Saturday, September 17, 2011

The Negative Effects of Institutional Care

“I constantly experienced a sense of profound loneliness and a deep sense of uncertainty. I felt lost. You have to understand that my exposure to the outside world was limited… What did I have? Where would I go for Easter or Christmas?”

- - Stephen Ucembe (grew up in an institution, speaking about trying to fit into University life after the institution)

Reading this post it is easy to come to the conclusion that we believe all institutions are bad. However we believe there are such things as good institutions. We define a good institution as one that…

1. 1. Understands they are not a long term solution for a child and seeks to re-unify or adopt their children out as soon as possible.

2. 2. Ethically seeks out alternatives for their children and seeks re-unification with family members before turning to adoption.

3. 3. Does their best to meet the children’s emotional and physical needs

4. 4. Meets a need in the community rather than creating one. This means they set up in an area that is not already overrun with orphanages and they only take in children that are truly in need of their care.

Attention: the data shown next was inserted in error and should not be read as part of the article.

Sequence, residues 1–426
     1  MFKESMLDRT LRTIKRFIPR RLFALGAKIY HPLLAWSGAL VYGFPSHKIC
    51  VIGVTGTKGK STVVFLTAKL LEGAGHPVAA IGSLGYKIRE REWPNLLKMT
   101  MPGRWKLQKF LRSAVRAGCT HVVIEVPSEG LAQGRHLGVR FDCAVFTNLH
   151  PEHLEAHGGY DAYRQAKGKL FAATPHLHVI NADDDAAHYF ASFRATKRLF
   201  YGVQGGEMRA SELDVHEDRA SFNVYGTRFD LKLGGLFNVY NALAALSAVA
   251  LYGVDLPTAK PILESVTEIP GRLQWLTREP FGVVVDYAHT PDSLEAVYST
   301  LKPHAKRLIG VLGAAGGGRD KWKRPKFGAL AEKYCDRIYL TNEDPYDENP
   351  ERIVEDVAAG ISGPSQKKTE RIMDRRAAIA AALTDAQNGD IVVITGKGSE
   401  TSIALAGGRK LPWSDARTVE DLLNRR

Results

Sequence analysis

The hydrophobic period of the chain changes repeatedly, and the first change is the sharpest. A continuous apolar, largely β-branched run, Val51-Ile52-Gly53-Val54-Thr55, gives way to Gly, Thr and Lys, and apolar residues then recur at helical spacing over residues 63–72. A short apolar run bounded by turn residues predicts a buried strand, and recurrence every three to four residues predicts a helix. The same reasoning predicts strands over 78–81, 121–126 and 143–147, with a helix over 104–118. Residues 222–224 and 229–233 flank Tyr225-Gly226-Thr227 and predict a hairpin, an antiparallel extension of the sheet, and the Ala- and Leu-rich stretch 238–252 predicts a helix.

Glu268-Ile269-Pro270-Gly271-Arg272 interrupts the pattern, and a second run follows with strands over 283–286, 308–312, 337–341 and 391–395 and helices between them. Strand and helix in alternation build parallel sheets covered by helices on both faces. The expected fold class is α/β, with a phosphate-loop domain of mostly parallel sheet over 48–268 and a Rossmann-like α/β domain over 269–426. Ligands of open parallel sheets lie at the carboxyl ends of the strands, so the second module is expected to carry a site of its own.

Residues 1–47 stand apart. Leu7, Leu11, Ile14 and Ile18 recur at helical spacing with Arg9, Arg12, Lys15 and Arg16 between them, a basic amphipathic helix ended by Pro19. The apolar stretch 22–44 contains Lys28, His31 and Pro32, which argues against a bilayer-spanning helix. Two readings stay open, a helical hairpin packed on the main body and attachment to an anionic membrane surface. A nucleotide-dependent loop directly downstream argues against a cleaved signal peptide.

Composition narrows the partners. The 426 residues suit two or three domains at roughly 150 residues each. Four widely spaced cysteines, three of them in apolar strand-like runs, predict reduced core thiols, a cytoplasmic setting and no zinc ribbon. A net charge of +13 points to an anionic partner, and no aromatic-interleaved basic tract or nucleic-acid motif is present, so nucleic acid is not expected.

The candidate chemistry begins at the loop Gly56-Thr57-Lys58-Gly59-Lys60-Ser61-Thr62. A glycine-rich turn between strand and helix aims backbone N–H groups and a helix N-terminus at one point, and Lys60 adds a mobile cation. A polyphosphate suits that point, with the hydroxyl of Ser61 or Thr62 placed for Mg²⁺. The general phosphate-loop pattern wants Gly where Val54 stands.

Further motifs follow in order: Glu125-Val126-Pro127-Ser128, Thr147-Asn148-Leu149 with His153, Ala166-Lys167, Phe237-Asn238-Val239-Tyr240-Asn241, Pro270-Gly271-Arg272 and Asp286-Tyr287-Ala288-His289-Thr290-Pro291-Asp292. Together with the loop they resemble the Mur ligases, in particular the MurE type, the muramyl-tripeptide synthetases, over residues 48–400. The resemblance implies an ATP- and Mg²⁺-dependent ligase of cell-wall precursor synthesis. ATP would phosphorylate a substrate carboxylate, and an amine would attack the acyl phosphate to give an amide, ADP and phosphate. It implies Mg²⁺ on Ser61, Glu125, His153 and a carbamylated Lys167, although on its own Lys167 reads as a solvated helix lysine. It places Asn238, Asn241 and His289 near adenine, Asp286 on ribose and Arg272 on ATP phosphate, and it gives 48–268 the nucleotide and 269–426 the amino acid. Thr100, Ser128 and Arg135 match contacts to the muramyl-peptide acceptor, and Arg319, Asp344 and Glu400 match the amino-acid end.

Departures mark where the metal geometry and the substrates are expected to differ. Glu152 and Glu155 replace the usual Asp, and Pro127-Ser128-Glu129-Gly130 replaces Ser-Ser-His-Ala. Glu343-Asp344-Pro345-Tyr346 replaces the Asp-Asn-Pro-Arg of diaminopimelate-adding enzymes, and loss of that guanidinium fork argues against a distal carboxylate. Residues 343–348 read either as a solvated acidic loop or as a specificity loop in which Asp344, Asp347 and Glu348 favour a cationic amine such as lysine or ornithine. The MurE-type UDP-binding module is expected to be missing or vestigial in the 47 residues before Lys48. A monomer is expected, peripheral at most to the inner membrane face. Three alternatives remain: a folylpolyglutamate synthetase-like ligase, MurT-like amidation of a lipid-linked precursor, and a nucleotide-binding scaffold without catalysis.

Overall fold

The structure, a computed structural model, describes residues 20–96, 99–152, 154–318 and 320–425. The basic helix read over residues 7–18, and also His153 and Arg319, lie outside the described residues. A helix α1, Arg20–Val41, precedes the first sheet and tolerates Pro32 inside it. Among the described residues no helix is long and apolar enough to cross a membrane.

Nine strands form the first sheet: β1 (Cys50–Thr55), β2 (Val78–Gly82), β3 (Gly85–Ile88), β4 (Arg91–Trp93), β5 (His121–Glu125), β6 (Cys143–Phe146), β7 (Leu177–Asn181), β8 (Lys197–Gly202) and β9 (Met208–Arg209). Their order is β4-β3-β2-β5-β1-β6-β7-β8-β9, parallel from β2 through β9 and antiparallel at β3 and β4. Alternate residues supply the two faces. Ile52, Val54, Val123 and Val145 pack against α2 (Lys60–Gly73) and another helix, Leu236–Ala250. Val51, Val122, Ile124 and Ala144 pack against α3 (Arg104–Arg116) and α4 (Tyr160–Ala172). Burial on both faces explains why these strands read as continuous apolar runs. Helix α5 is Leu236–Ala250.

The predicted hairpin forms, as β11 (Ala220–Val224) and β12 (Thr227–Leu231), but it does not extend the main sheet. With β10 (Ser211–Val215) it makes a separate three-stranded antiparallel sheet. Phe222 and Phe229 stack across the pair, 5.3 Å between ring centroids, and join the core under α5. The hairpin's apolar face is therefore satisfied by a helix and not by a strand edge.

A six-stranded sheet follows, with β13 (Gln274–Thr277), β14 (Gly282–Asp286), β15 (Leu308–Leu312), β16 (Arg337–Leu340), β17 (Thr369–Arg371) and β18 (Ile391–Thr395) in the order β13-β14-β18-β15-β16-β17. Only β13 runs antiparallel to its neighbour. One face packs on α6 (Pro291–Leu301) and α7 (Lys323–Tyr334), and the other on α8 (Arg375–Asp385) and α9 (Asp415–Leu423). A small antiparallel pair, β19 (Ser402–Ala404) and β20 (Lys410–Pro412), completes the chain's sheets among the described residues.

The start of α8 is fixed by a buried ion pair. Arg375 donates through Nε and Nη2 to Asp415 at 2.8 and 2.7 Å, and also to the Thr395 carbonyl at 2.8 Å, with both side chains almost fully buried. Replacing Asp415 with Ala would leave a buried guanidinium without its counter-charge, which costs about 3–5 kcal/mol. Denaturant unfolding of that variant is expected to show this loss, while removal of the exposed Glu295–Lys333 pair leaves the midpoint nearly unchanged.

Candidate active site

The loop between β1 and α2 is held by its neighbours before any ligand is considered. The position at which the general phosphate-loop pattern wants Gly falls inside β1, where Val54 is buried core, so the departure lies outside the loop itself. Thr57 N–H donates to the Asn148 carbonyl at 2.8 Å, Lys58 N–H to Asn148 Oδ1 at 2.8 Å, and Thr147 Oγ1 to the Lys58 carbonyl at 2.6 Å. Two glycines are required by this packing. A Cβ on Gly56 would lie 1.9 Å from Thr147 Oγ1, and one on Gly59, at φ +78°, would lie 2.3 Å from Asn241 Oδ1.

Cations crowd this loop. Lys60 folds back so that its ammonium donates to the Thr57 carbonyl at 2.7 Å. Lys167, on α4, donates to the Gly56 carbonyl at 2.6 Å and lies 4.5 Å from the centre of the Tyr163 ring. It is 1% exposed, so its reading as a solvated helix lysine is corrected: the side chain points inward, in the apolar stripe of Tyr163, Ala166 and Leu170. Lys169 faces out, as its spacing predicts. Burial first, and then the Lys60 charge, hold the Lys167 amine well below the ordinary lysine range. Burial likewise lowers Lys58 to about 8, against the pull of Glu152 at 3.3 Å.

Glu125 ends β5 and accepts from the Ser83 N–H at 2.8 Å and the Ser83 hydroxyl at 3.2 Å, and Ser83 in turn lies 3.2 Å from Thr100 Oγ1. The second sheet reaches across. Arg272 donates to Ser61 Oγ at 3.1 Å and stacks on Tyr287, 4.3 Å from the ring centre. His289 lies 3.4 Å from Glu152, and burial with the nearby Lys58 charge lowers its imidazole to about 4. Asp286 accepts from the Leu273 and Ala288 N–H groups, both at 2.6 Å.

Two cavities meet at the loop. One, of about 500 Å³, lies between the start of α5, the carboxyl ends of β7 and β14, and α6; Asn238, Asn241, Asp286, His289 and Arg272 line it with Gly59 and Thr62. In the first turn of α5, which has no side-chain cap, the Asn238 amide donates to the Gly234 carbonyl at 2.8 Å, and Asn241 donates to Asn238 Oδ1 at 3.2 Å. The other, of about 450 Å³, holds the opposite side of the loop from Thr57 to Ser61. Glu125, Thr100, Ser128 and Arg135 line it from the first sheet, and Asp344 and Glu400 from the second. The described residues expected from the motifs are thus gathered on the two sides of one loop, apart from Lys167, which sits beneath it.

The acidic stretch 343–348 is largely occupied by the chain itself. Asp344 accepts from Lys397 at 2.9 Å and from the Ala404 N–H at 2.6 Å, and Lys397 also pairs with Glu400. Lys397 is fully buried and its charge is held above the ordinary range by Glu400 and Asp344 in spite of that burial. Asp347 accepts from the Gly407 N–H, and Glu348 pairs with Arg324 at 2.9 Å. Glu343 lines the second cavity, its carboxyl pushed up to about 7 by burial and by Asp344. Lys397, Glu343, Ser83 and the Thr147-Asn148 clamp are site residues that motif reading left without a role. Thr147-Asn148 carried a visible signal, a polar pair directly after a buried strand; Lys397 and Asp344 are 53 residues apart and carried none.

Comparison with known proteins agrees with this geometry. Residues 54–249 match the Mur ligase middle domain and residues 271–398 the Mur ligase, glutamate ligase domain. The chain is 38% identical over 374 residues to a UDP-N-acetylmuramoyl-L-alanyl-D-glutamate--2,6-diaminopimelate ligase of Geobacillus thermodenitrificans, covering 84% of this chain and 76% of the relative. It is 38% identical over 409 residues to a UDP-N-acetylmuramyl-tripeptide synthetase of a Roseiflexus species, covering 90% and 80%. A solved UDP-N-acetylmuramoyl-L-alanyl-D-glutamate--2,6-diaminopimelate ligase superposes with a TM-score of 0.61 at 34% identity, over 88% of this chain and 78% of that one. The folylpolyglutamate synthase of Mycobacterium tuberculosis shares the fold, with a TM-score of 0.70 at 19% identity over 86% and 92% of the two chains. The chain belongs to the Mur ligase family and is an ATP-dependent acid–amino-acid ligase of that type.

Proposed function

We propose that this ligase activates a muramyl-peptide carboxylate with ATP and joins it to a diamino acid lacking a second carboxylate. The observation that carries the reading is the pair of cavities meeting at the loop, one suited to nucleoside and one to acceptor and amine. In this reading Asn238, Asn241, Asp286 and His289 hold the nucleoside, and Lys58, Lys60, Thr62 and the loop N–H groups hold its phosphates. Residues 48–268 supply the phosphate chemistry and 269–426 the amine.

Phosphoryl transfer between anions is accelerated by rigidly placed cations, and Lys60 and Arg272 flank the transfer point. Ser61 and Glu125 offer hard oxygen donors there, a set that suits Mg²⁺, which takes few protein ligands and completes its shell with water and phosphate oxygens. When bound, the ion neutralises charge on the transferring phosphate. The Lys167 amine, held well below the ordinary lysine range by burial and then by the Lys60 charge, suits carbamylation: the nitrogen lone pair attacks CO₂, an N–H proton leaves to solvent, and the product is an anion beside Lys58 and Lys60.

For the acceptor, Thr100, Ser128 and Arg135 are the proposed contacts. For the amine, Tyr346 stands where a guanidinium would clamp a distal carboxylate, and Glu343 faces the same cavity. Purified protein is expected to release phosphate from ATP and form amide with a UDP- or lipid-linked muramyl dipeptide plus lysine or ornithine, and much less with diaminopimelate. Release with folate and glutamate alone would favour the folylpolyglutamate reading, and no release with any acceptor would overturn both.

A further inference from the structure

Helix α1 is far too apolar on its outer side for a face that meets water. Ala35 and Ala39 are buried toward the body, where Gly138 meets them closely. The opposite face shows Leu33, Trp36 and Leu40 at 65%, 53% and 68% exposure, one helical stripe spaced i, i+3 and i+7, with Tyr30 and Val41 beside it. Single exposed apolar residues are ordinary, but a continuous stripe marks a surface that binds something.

The goal of this post is not to attack every institution out there- it is to show that institutions should be a last resort for children and never a long term solution.

We will approach this by addressing myths some people hold when it comes to institutional care.

Myth: An institution that is well run and well funded can provide all a child needs to develop into a healthy and functioning adult.

“For the last half century, child development specialists have recognized that residential institutions consistently fail to meet children’s developmental needs for attachment, acculturation and social integration.”

The best institution in the world cannot give a child everything a loving and committed family can. Children in institutions may be given food and clothes and an education but their emotional needs cannot be met in an institutional setting. In the best institutions children are well loved by the workers and volunteers who care for them. However these volunteers come and go and the workers shifts’ end and new groups come in. One consistent caregiver is not provided and as a result children develop attachment issues that can lead to developmental delays, self esteem problems, trust issues, behavioral problems, and future relationship issues. Children’s unique needs and differences aren’t accommodated when there are other children to be cared for and this can also lead to increased emotional, psychological, or physical problems. Research shows children raised in institutions have lower IQ’s, higher rates of suicide, homelessness, brain damage, and psychological disorders and medical problems.